There’s something everyone has missed about how Brexit will change our politics

The political and economic circumstances may favour a new party or movement - but the constitution won't.


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Will Brexit pave the way for a new party to make a splash as the Liberal Democrats and Ukip once did? That’s a source of hope (and fear) to some at Westminster: that a bad Brexit will pave the way for either a party of Remain or a Ukip 2.0 to surge in the polls and either hold the balance of power or do electoral damage to the big two?

The potential of Brexit to either deliver a major economic shock which leads to a political shock, or simply to cause a political crisis is very high. The promises made by Vote Leave in the referendum, and repeated by the Conservative Party, cannot easily be reconciled with another, so either you try to do so and cause an economic shock, or you abandon some and open yourself up to accusations of “betraying Brexit”. Either way, the potential for a new party, or for Ukip to have a revival, is high.

There’s an important Brexit-related block on any new party’s growth, and it’s this one: when we leave the European Union on 29 March 2019, we will cease to participate in European parliamentary elections, the only UK-wide proportional elections we hold. First-past-the-post, which we use for parliamentary and local elections, is very punishing to new parties. One of the reasons why the last few years have seen the successful development of new parties – not only Ukip, whose success of course helped trigger David Cameron’s referendum gamble, but the Greens, who now have a parliamentary seat at Westminster – is that non-established parties were able to get a foothold, and crucially a measure of financial stability which allowed them to survive and thrive.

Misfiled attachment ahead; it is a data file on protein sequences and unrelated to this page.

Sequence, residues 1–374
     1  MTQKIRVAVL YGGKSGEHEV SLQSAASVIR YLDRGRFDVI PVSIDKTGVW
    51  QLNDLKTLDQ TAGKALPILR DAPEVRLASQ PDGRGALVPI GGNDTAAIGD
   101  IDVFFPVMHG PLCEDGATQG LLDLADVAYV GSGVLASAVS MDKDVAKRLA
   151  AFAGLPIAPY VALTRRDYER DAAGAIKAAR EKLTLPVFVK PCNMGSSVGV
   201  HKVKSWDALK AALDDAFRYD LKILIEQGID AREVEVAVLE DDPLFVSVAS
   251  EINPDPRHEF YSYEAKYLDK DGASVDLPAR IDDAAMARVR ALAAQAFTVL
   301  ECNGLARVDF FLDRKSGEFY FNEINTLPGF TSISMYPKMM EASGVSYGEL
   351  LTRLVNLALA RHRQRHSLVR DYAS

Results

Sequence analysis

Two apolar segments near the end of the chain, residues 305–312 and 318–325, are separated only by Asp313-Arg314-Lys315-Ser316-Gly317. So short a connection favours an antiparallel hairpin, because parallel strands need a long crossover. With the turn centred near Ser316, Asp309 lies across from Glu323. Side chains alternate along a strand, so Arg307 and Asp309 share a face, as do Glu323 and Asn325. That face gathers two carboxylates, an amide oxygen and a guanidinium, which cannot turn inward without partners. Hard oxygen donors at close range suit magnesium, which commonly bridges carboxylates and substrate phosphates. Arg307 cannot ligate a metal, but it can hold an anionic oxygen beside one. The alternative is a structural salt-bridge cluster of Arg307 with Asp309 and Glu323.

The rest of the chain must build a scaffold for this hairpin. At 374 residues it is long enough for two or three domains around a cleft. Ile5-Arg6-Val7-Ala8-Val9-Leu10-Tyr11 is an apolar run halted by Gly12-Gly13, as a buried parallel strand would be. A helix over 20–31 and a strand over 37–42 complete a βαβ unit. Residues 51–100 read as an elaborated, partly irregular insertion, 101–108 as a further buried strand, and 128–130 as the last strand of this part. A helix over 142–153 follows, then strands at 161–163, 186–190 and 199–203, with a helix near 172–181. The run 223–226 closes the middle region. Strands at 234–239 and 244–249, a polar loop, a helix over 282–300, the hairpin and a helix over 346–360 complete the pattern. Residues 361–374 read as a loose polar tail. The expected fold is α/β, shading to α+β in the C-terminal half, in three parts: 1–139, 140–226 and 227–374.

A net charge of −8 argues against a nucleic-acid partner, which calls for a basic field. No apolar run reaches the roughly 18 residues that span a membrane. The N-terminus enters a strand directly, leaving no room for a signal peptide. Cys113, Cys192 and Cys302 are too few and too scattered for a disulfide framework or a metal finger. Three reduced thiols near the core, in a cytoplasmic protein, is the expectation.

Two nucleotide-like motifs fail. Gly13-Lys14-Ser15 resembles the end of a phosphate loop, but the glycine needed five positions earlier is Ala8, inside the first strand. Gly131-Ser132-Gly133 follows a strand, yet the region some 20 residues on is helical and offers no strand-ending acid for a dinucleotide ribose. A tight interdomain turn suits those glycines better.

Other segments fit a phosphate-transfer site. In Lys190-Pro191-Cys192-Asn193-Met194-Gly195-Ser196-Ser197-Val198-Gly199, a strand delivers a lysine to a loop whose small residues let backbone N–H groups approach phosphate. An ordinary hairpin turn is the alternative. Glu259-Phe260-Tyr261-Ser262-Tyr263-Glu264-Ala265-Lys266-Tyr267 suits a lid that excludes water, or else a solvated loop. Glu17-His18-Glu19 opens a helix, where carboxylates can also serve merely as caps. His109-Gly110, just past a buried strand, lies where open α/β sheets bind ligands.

Although there are still proportional elections held in parts of the United Kingdom – London, Scotland and Wales all have the party list system – they are all, for reasons that should be obvious, not ideal incubators for any new party seeking to make waves in England, which due to its greater size is where these parties have to make a breakthrough to really challenge for power.

That’s not to say that a new party won’t emerge, but it is worth noting that the only new party to enjoy even partial success in the era of mass suffrage without benefiting from the proportional system of the European Parliament is the SDP, which included more than 30 Labour MPs and four former Cabinet ministers.

It is worth noting, too, that because any new party will have to do well in one of London, Scotland or Wales’ proportional systems, it will limit and alter both the type of party that emerges – and where power in that party lies.

Stephen Bush is political editor of the New Statesman. His daily briefing, Morning Call, provides a quick and essential guide to domestic and global politics.